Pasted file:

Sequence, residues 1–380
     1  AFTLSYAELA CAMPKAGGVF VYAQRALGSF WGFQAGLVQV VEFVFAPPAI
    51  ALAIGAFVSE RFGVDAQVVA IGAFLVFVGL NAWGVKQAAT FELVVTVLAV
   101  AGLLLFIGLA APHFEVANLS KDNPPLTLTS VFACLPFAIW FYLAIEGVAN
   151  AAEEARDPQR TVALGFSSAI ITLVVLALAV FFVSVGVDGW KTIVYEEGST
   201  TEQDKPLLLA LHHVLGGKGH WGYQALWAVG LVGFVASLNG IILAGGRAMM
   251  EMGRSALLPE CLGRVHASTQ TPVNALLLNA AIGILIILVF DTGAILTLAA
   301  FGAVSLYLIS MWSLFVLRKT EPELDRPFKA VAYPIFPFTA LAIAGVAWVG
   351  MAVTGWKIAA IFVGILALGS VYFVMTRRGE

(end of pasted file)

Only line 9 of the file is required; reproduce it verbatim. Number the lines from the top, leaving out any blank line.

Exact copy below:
   351  MAVTGWKIAA IFVGILALGS VYFVMTRRGE